If you’re fed up with the same ol’ same old from Hollywood, take heart: Rian Johnson’s Looper is unlike anything you’ve seen. Part sci-fi mystery, part time-travel-infused action-adventure and part heartbreaking drama, it’s simply astounding.
Who’s in it? Joseph Gordon-Levitt (Joe), Bruce Willis (Old Joe), Emily Blunt (Sara), Paul Dano (Seth), Noah Segan (Kid Blue), Jeff Daniels (Abe)
What’s it about? After time travel is invented (and then quickly outlawed) in the 2070s, a criminal organization uses the technology to send its targets back to the year 2044 in order to be executed on the spot by Loopers. Loopers get their name from the fact that one day the target they assassinate will be an older version of themselves (and then they’ll have “closed their loop”—in return for a huge payday). However, when Old Joe is sent back to be offed but manages to evade Young Joe’s bullet, chaos erupts.
What’s good? Pretty much everything. From the smart dialogue that pokes fun at how confusing time-travel logic is if you make the mistake of stopping to think about it, to the superb makeup and effects that convince you Gordon-Levitt is indeed a young Bruce Willis, to the incredible detail poured into the creation of a dystopian United States that’s quite (depressingly) believable, it’s hard to find fault with this movie. A diner scene where the two Joes confront each other is particularly exceptional.
One of the best things about Looper, however, is that its previews haven’t spoiled it for you. I don’t intend to, either, so just trust that its story is about so, so much more than a cat-and-mouse chase involving a guy and the older version of himself he’s supposed to have blown away. It’s about relationships (both with oneself and others), regret, the depths to which the fear of loss can drive someone, and the fiercest kind of unconditional love. It’s also about how hard it is to figure out the “right” thing to do. This is definitely a film that makes you wonder, “What would I have done?”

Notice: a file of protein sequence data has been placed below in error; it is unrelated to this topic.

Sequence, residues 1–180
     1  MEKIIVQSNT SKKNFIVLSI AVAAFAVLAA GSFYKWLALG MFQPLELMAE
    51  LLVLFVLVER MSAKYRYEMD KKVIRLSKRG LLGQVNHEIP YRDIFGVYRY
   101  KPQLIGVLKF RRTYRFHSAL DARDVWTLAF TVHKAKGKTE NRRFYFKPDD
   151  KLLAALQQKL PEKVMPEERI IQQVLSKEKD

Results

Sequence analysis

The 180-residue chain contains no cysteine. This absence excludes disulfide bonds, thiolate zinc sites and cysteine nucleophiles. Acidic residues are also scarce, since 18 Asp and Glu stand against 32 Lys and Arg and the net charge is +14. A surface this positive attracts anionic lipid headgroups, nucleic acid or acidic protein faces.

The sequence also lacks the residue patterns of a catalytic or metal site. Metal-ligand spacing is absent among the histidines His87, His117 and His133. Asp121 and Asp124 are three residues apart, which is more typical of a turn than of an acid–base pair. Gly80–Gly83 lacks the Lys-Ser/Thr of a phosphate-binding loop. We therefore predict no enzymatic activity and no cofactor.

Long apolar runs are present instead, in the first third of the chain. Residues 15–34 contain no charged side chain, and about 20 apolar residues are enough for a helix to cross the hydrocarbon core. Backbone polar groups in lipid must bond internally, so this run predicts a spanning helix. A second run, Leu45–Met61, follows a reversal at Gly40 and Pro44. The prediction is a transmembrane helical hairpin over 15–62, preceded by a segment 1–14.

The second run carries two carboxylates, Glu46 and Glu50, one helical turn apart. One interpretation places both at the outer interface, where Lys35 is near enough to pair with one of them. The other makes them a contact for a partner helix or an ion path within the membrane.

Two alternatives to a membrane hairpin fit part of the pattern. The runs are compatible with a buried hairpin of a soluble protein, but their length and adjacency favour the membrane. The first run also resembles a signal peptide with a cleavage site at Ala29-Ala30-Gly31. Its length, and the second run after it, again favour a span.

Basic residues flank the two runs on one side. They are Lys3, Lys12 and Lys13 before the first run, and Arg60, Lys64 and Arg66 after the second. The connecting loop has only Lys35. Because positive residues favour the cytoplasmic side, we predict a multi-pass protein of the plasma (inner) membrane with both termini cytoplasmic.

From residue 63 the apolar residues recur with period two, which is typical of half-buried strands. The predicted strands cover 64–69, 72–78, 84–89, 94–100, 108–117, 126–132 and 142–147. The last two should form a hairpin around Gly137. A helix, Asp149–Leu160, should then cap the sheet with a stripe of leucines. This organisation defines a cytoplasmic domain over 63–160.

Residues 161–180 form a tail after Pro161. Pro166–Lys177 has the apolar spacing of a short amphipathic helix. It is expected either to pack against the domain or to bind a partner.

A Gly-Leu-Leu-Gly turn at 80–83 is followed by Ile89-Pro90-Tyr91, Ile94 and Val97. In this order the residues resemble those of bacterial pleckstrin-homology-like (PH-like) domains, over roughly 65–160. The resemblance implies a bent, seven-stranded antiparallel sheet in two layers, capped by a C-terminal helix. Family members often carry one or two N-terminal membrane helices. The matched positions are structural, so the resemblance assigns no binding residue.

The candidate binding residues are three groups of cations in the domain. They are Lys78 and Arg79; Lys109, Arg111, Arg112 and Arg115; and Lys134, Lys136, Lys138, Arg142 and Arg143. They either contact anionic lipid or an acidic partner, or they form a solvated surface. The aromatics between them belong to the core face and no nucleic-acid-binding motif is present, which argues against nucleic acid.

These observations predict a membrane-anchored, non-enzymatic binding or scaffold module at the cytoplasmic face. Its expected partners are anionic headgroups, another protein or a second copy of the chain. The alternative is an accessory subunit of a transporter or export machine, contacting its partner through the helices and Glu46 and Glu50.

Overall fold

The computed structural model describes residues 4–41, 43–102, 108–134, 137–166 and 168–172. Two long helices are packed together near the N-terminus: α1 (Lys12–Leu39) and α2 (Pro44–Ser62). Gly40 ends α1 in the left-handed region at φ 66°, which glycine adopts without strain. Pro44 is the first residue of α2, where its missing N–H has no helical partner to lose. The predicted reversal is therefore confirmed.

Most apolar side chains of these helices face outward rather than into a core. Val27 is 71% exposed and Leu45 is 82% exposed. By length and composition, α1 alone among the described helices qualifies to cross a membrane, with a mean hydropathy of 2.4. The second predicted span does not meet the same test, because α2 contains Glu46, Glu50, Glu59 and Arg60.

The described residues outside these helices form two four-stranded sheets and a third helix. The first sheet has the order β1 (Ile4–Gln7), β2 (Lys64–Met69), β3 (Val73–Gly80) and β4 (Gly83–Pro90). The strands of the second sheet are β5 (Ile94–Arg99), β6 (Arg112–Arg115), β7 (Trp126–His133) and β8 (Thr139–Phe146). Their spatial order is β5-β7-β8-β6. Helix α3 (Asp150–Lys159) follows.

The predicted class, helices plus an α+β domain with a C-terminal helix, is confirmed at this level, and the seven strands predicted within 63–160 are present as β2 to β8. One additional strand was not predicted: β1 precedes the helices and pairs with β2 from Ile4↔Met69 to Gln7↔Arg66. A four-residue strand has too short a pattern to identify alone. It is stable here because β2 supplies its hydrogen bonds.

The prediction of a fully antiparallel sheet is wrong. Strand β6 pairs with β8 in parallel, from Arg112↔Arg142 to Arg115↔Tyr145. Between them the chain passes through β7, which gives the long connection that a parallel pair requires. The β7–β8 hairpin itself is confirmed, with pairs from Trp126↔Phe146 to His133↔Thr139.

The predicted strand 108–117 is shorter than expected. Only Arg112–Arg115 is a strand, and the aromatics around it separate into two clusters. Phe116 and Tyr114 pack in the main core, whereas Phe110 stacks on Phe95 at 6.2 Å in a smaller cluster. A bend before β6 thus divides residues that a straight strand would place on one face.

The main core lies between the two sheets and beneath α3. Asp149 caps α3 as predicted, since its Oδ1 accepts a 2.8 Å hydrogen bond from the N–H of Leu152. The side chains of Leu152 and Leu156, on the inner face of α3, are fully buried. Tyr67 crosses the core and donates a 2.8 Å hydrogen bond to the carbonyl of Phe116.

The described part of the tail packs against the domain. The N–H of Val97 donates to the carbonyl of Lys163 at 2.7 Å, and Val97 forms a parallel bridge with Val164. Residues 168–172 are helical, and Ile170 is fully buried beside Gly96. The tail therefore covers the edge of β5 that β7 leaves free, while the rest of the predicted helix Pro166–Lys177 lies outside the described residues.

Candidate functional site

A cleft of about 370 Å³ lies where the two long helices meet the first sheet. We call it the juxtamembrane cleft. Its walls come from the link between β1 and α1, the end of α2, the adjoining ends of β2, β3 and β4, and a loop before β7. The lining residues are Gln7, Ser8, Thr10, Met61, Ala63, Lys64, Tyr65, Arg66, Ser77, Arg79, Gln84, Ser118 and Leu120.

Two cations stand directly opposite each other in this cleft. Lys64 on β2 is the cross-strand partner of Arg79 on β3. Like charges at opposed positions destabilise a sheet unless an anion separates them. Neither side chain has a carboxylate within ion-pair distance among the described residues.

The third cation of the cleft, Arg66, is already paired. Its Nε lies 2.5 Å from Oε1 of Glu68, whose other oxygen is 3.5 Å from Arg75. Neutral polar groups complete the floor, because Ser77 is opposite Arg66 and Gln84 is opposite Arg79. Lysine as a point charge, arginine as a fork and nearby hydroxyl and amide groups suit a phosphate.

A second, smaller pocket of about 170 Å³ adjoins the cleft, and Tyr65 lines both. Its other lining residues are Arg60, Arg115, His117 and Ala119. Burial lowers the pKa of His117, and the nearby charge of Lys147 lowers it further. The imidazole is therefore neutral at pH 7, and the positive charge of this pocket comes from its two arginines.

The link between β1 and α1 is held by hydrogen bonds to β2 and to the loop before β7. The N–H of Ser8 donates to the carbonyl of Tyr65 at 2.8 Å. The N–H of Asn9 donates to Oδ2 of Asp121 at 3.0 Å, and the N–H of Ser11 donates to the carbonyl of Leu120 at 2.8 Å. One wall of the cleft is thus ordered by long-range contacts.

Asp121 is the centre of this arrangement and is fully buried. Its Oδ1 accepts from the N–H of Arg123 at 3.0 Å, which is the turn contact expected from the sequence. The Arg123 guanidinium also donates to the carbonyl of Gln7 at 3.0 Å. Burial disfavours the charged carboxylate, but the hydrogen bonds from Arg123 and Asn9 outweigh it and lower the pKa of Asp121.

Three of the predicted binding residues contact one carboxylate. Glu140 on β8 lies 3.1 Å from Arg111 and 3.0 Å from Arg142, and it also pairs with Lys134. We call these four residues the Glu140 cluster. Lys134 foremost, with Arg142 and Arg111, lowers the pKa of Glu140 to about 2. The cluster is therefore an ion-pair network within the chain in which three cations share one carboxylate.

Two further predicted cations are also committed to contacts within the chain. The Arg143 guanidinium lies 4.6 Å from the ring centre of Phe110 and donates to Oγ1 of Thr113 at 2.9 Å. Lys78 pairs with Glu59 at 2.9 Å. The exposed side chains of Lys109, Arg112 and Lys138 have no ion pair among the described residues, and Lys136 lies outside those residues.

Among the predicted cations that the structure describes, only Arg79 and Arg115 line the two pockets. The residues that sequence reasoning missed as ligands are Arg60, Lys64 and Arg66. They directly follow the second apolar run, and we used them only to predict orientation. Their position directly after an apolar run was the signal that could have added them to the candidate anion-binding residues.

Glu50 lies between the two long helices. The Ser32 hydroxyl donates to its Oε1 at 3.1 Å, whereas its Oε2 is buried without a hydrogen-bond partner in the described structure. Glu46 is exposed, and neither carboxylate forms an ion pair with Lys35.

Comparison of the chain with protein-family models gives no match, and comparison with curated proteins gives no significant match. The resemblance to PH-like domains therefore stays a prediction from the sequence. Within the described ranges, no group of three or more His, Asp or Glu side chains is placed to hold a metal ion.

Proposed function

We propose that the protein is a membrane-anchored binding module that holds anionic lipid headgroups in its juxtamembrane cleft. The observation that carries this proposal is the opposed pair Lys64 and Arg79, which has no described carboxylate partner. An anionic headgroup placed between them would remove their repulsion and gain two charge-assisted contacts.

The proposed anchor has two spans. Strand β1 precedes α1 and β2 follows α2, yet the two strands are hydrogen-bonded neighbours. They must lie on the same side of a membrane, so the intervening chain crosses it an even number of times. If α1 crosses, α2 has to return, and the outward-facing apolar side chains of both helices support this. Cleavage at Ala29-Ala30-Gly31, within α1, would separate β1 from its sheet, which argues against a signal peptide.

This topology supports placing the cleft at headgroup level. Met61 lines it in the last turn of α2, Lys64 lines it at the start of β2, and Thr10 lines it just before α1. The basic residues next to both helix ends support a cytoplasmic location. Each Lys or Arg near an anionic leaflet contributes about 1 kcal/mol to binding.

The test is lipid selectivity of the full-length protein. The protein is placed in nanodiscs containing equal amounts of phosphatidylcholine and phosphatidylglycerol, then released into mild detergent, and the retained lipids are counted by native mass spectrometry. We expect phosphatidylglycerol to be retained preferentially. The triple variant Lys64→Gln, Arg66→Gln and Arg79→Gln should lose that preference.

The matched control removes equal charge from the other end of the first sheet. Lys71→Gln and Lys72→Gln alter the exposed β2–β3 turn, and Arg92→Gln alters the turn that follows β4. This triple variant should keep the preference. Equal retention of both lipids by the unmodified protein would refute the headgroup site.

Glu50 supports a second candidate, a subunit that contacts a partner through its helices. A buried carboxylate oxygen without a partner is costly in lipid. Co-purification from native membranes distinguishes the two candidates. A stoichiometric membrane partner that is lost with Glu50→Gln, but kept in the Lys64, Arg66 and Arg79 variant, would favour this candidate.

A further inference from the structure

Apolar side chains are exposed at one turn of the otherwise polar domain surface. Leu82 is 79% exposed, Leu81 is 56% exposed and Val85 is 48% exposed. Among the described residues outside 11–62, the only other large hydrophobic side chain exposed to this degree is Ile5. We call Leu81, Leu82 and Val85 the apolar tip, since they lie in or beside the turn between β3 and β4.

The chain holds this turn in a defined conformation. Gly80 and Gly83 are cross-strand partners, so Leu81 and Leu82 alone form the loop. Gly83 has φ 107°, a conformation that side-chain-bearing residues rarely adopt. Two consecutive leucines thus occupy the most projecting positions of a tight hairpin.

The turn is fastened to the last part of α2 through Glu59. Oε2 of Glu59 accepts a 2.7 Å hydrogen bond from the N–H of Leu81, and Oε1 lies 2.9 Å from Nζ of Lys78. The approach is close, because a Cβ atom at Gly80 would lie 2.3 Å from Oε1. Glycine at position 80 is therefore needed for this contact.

The last act veers off in a very unexpected direction, and it was a direction I didn’t think I liked at first. But then I thought and thought and thought some more about the film as a whole. Quite frankly, I couldn’t get Looper out of my head for days, and am now planning to see it again (which I hardly ever do) because I ended up falling in love with its message and its sheer audacity. It gets dark—really dark—in spots, but that’s because writer/director Johnson (Brick, The Brothers Bloom) stayed true to his characters’ motivations throughout. That’s hard to find these days for a reason: filmmakers are well aware that people go to the movies for escapism, and it’s risky to force audiences to not only think, but also feel something so deeply it rattles their core. That’s the effect Looper had on me. I can’t shake it. But I don’t want to.
What could’ve been better? There’s a bordering-on-overdone plot thread involving Kid Blue, a henchman employed by Joe’s boss Abe (Jeff Daniels, in a performance that might make you forget it wasn’t him who played The Big Lebowski‘s “Dude”), that I grew tired of by the end. Kid Blue is sent to capture—and, presumably, kill—BOTH Joes after Old Joe escapes assassination, and his efforts just seemed distracting.
The bottom line: See. This. Movie. Even if you don’t love Looper as much as I did, you”ll no doubt appreciate Johnson’s fresh and clever vision, as well as his cast’s incredible performances. And my bet is that you’ll still be thinking about Looper days later, too.